The link between air pollution and premature death is widely accepted by the scientific community. And a new Trump administration rule is set to cause between 470 and 1,400 more of those pollution-related early deaths per year in the U.S. by 2030.
A new coal plant emissions rule, signed by the acting head of the Environmental Protection Agency on Monday evening, and set to be finalized in 60 days following a comment period, would repeal and replace the Obama-era Clean Power Plan. Under the new rule, regulations on coal-fired power plants would be slackened, and greenhouse-gas emissions—the primary drivers of climate change–would increase. And so would types of air pollution that directly harm human health.
Under the new rule, coal-fired power plants would effectively be allowed to release more of a fine particulate matter, known as PM2.5, than they have been under the Obama-era rule. PM2.5 is linked to a range of health problems, including asthma and heart disease.
As the New York Times points out, the EPA itself wrote a several-hundred-page-long technical analysis of its own plan that puts its deleterious effects bluntly: Compared to the Obama-era plan, the EPA wrote, “implementing the proposed rule is expected to increase emissions of carbon dioxide and the level of emissions of certain pollutants in the atmosphere that adversely affect human health.”
In addition to the increased number of premature deaths, the agency writes the rule could also cause 120,000 new cases of exacerbated asthma per year by 2030, as well as 48,000 new annual missed days of school, 48,000 missed work days, 760 non-fatal heart attacks, and 690 emergency room visits for asthma.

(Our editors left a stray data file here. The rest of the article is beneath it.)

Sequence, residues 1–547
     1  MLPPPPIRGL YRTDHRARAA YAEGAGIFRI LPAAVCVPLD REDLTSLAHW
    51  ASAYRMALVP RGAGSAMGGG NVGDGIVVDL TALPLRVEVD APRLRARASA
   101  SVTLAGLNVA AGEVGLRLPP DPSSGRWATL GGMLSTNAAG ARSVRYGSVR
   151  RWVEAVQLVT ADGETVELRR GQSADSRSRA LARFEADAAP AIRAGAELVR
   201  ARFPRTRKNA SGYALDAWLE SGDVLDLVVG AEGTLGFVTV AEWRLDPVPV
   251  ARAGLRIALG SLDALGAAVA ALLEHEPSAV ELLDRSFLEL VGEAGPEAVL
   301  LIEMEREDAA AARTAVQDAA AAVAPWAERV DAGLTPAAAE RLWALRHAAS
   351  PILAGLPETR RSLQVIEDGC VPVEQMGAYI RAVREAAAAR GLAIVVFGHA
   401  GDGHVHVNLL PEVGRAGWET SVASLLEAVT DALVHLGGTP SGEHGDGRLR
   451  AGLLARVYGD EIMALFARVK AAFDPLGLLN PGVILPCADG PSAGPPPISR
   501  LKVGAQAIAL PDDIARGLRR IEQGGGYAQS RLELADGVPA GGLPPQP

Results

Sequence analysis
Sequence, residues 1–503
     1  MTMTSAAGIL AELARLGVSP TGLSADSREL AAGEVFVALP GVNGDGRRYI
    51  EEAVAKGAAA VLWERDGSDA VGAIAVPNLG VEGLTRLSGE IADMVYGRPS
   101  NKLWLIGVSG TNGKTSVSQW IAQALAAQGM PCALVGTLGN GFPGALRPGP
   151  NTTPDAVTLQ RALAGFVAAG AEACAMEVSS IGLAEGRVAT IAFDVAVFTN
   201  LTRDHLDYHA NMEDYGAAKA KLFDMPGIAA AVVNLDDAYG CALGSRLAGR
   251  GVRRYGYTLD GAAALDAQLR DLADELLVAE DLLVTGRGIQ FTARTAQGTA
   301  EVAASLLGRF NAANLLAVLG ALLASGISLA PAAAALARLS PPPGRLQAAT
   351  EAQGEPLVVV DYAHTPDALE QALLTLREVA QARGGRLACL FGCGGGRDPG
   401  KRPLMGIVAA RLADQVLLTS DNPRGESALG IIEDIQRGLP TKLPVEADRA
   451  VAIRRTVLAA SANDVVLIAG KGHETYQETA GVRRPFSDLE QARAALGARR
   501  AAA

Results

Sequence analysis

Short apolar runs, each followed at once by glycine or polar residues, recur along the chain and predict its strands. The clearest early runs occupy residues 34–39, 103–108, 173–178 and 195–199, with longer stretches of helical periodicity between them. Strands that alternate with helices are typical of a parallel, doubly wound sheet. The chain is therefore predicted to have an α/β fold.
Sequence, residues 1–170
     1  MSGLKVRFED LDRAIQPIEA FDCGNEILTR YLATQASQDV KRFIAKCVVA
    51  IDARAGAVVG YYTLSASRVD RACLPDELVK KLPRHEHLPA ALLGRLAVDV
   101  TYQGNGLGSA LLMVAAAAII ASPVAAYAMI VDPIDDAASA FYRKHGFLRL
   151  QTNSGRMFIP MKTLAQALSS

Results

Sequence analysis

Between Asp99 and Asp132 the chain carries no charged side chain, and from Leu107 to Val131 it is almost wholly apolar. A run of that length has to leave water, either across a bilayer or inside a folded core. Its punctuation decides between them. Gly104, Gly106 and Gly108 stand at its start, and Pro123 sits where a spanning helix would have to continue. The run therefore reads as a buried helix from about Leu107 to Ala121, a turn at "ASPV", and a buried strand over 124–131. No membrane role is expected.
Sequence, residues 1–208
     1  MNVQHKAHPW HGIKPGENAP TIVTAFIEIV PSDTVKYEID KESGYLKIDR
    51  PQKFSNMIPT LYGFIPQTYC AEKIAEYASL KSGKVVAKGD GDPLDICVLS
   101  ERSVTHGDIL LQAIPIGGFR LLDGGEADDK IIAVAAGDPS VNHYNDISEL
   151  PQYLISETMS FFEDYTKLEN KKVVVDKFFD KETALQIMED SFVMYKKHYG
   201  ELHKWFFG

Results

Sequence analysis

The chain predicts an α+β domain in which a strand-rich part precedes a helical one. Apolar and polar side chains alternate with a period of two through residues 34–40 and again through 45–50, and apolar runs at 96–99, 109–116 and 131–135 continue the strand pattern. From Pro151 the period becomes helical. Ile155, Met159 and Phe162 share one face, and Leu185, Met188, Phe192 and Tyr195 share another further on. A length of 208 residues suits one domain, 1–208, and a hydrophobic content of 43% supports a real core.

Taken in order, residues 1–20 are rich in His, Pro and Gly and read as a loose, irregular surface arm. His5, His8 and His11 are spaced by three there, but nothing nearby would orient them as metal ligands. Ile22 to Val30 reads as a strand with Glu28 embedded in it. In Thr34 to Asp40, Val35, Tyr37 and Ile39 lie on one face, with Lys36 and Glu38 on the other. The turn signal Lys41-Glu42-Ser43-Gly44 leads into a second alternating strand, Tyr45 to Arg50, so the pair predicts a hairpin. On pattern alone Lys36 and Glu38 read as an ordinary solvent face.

Whenever the EPA proposes a new regulation, it writes a cost-benefit analysis to go with it. When, under the Obama administration, the agency developed the Clean Power Plan to cut carbon pollution from existing power plants by 32% by 2030, the cost-benefit analysis calculated between 1,500 and 3,600 premature deaths from air-pollution exposure per year would be voided—along with 1,700 annual heart attacks, 90,000 asthma attacks, and 300,000 missed work and school days.
By comparison, the Times reports that the Trump administration’s Affordable Clean Energy rule will effectively cut carbon dioxide emissions just 0.7% to 1.5% from 2005 levels by 2030. It will also save far fewer lives, and have a much weaker positive impact on public health.
The World Health Organization determined that air pollution was at fault for one in every nine deaths each year. Public health in general suffers amid chronic air pollution, at all stages of life: studies have linked chronic air pollution exposure to early birth and low birth weight, cognitive delay in children and autism risk, increased incidence of suicide, and premature aging of the brain.